Stracotto, The Italian Pot Roast That's Perfectly 'Overcooked'

There is something wonderfully humorous about the translation of stracotto. In Italian, it means "overcooked." But, as anyone who has ever enjoyed a plate of stracotto will know, it is far from overcooked — at least in the traditional sense. This particular pot roast is known for being mind-meltingly tender, juicy, and bursting with flavor.

Like many amazing meals, the origins of stracotto are hotly debated. Several Italian cities take credit for its invention, but it most likely came from the central region of Emilia-Romagna. And just as different areas in the United States have their own take on pot roast, Italians have their own minor, regional twists on stracotto. However, the main construction of the dish remains the same: It's a beautiful cut of beef braised in red wine, tomatoes, aromatics, and stock for a really, really long time.

Now, if you're someone who loves pot roasts but is looking for something a little different from what you grew up with, stracotto is going to be perfect for you. The flavors imparted by the vegetables, herbs, warm spices, meat, and wine blend together to make for one succulent meal that is more than worth the hours of waiting.

Assembling the ingredients

Picking the right cut of meat is essential to a successful stracotto. You want something that is going to maintain its structure after hours of cooking, but also be wonderfully juicy and tender. This is where inexpensive cuts like a thick flank steak and other beef shoulder cuts come in handy. These cuts excel when braised for long hours. The cooking liquid works to break down the connective tissue and fats in the meat, allowing for the tender end product, while also bringing additional flavor. Boneless short ribs, brisket, and rump also work well.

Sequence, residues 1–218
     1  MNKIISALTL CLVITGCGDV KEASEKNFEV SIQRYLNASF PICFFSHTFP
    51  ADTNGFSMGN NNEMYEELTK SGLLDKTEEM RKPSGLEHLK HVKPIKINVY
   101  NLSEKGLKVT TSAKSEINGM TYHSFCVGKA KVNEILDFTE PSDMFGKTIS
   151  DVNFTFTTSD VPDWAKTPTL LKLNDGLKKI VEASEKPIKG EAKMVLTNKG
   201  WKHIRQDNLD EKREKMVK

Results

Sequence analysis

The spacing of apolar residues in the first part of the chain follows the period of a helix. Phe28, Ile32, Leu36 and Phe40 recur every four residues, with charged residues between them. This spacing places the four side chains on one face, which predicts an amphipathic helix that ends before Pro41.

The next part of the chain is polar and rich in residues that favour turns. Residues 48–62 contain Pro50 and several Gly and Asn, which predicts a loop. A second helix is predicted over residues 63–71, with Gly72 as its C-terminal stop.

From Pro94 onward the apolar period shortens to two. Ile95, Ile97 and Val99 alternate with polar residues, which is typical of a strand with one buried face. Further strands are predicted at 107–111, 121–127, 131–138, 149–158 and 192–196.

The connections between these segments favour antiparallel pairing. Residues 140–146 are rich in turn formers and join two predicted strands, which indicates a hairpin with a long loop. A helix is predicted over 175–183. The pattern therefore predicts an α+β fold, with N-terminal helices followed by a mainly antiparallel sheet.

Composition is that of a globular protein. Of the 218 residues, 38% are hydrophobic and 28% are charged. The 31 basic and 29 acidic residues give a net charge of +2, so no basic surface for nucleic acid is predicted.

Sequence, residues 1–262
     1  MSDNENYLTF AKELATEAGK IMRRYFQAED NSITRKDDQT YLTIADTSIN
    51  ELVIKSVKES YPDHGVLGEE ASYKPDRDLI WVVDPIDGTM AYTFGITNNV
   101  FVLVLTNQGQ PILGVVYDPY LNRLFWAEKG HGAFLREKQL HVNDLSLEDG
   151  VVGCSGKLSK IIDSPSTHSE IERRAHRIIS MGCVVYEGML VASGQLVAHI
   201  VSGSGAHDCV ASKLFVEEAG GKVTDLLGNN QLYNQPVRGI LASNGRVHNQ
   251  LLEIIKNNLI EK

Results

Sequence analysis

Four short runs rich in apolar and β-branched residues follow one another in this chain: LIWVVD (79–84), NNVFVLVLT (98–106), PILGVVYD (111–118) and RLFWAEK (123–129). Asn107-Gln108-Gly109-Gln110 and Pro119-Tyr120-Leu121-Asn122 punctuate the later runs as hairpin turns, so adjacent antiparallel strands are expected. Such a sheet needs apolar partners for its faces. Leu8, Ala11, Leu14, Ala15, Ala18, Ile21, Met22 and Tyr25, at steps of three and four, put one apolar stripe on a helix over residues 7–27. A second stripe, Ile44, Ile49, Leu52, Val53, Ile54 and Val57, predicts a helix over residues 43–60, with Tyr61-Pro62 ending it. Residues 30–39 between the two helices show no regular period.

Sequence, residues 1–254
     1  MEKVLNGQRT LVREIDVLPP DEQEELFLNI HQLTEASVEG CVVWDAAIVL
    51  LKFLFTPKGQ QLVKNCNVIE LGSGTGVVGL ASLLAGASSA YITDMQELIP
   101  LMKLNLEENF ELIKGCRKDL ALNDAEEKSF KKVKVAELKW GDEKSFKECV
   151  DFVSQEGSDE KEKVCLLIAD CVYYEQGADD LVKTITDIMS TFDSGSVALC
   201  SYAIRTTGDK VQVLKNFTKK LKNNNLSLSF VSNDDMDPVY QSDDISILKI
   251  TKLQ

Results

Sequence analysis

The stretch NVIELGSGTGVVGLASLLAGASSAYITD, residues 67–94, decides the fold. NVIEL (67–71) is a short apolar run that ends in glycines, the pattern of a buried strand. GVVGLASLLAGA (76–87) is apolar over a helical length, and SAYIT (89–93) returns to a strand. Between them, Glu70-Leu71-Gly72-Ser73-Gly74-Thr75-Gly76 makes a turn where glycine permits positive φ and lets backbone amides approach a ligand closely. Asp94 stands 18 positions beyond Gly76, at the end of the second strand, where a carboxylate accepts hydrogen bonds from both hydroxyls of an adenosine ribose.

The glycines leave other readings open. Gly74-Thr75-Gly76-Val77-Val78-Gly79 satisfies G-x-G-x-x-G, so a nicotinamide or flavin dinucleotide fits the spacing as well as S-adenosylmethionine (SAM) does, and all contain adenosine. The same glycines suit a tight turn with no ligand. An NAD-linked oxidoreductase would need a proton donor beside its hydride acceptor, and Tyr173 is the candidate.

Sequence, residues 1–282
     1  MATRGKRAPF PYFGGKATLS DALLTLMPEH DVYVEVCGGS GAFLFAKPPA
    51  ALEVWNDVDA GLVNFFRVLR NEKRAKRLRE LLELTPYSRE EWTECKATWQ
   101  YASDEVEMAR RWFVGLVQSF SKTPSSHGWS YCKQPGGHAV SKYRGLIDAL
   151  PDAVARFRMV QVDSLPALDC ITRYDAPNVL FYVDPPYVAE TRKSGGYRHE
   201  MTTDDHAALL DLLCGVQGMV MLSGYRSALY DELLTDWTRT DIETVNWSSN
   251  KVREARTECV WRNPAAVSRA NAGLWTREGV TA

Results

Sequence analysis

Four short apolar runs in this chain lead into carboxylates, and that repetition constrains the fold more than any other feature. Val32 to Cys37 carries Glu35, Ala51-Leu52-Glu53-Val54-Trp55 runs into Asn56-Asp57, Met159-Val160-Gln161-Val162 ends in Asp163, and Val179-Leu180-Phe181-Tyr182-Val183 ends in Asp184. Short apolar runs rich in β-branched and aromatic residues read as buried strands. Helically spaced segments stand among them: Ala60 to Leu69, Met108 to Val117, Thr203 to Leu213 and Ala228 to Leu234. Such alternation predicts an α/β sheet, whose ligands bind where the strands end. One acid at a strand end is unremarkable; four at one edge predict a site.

A classic soffritto, which is the wonderful trifecta of carrot, onion, and celery, serves as the foundation of the stracotto. Different from a mirepoix in that the vegetables are minced instead of chopped, the soffritto provides that base of flavor everything else is built on. The addition of some warmer spices, like cinnamon and clove, help amplify both the beef and sauce. 

As for the sauce, the exact amounts are up for interpretation, but stracotto sauce needs to be some combination of red wine, tomatoes, and beef stock. Some recipes omit stock in favor of more wine, but you can play with the amount based on your own tastes. This will be the liquid your beef braises in for several hours, and will it deepen in flavor the longer it's cooked. 

How to make stracotto

You can either bake stracotto in the oven or simmer it on the stove for several hours. Regardless of which method you choose, a good quality, oven-proof pot like a Dutch oven, is going to be the best option. Start by seasoning your beef with salt and then searing it in the pot over high heat. Searing will give the beef a great color, while also leaving behind some browned bits in the pan that you will cook the soffrito in. Remove the meat after it's browned on all sides. 

Add the soffrto to the pot, reduce the heat to medium, and cook the vegetables until they are soft and tender. Next, deglaze the pot with some red wine before adding some tomato sauce. Return the meat to the pan, and cover with beef stock. This would be the time to add any extra aromatics, like cinnamon, clove, or bay leaf, before settling down for the long cook. Cover the pot and bake the stracotto in a 350-degree Fahrenheit oven for three hours, or leave it on low on the stovetop for five to six hours. With stracotto, the longer it cooks the better, hence its humorous name.

The finished stracotto should be beautifully moist and falling apart, with an absolutely succulent sauce that you can serve over pasta, rice, or roasted potatoes. It's a comforting meal that really brings out the best of every ingredient that goes into it.